12:00
Financing SMEs for sustainability
As governments and businesses accelerate their efforts to meet climate targets, many small and medium-sized enterprises (SMEs) are struggling to play their part in the green transition. Financing is a key prerequisite for SMEs to green their business models and drive the transition through eco-innovations; yet many small businesses lack the human and financial resources to undertake green actions. This session will bring together the OECD, public financial institutions focused on SME financing, and the business sector to discuss the main drivers and challenges for sustainable financing of SMEs, promising sustainable finance models and instruments for SMEs, as well as the role of policy in accompanying SMEs on their journey to net zero. The session will highlight the role for international cooperation in this area, and announce the creation of a new knowledge-sharing Platform on Financing SMEs for Sustainability hosted by the OECD Centre for Entrepreneurship, SMEs, Regions and Cities. The event will be opened by Ms. Lamia Kamal-Chaoui, Director of the OECD Centre for Entrepreneurship, SMEs, Regions and Cities, and Ms. Gemma Peck, Director of Business Growth at the United Kingdom Department for Business, Energy and Industrial Strategy. Confirmed high-level speakers include: · Ms. Catherine Lewis La Torre, CEO, British Business Bank · Ms. Isabelle Hudon, CEO, Business Development Bank of Canada · Mr. Jong-Won YOON, Chairman & CEO, Industrial Bank of Korea (IBK) · Mr. Pascal Lagarde, Executive Director, Bpifrance · Ms. Hanni Rosenbaum, Executive Director, BIAC Key topics for discussion include:  What are the key issues SMEs face in financing the adoption of greener business models and driving green solutions through eco-innovation?  How can we bridge the knowledge gaps and increase awareness among SMEs about financing their green transition?  What are the latest trends in sustainable finance for SMEs? What promising financing and policy instruments are being developed to address the financing needs of SMEs?  How can public SME banks best accompany SMEs on the journey to net zero?  How can international collaboration be leveraged to accelerate SME access to sustainable finance?
13:00
Leading efforts towards achievement of zero carbon cities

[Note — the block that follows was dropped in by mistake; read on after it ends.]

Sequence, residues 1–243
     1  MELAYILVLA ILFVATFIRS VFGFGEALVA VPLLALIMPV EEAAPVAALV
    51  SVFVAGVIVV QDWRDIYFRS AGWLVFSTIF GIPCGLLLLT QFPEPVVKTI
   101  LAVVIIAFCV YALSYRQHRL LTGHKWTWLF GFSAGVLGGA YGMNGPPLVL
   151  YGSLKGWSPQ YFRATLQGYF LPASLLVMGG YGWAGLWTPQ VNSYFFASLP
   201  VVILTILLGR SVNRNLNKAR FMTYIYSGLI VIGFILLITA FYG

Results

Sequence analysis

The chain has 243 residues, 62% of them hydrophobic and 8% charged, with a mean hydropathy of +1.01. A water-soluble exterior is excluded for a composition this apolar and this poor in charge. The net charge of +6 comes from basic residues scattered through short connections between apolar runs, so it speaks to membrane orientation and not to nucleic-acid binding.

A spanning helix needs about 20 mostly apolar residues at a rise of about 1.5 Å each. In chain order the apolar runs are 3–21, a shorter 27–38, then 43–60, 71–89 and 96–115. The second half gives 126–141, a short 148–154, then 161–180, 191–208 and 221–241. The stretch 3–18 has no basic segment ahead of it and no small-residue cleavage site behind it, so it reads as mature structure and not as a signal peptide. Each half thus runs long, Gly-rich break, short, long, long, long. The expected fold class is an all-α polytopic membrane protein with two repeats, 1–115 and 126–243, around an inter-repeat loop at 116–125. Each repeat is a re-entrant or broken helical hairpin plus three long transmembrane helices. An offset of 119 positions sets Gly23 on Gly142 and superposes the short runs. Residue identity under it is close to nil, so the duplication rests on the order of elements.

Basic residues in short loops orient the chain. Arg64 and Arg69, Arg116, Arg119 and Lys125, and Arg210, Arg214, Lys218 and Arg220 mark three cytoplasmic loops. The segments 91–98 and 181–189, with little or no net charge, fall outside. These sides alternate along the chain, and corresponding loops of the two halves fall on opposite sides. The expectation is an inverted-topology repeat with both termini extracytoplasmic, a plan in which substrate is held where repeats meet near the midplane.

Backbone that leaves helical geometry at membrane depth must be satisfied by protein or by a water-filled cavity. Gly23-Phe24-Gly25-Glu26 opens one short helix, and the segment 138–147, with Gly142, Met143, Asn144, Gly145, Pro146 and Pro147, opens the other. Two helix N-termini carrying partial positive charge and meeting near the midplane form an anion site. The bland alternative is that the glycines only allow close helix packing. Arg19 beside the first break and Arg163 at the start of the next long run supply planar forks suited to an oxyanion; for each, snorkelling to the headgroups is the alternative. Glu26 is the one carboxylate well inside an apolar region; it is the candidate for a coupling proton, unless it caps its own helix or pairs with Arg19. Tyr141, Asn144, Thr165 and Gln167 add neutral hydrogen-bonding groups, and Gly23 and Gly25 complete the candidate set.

Please note that a replay of this event is not available on the virtual pavilion. To achieve a decarbonised society, it is essential to promote subnational initiatives, integrating various stakeholders and sectors according to local characteristics from planning to implementation. Measures at the provincial, municipal or district level, on a large or small-scale, are critical to the realization of the central government's ambitious commitment. The Race to Zero campaign (RtoZ), spearheaded by the UNFCCC, encourages cities to raise their targets and participate through action. In addition, the Territorial Approach to Climate Action and Resilience (TACAR), implementing by OECD with support from Japan, will build policy framework aiming at the realization of the decarbonisation society collaborating at the country and subnational levels. In Japan, the national government is working with local governments to promote multi-level initiatives such as the preparation of regional decarbonisation roadmaps. Local governments that have committed to carbon neutrality are also accelerating their efforts to join the Race to Zero Campaign. Japan has been contributing to decarbonisation in cities overseas by creating a decarbonisation domino effect through city-to-city collaboration projects to support overseas cities toward their decarbonisation and sharing information by hosting the Zero Carbon City International Forum. Japan also plans to further promote city-to-city collaboration with partner countries and relevant international organisations. Such collaboration will not only help cities to formulate plans but will also lead to the sharing of experiences and knowledge during the implementation phase of the measures, and support ongoing actions.
14:30
Helping Countries Advance Towards Net Zero - Joint OECD-France Side Event on International Programme for Action on Climate (IPAC)
The joint OECD-France high-level panel discussion on IPAC at COP26 is an opportunity to share the OECD contribution to the COP26 agenda of ambition and transparency through the presentation of IPAC on a global stage. The OECD International Programme for Action on Climate (IPAC) supports country progress towards net-zero greenhouse gas (GHG) emissions and a more resilient economy by 2050. Through regular monitoring, policy evaluation and feedback on results and good practices, IPAC helps countries strengthen and co-ordinate their climate action. It complements and supports the UNFCCC and the Paris Agreement monitoring frameworks. IPAC is articulated in four components: the Dashboard of climate-related indicators, the Climate Action Monitor Progress Report, an annual digest of countries’ progress towards climate objectives building on the preliminary Dashboard, country notes with targeted policy advice (to be published in 2022), and an interactive platform for dialogue and mutual learning across countries with policies in practice. Secretary-General Mathias Cormann will share the dashboard and policies in practice, and launch the first edition of the IPAC Climate Action Monitor Progress Report, which features examples of climate mitigation and adaptation good practices and results. Several distinguished Ministers will then contribute to the panel discussion on the IPAC dashboard and Climate Monitor.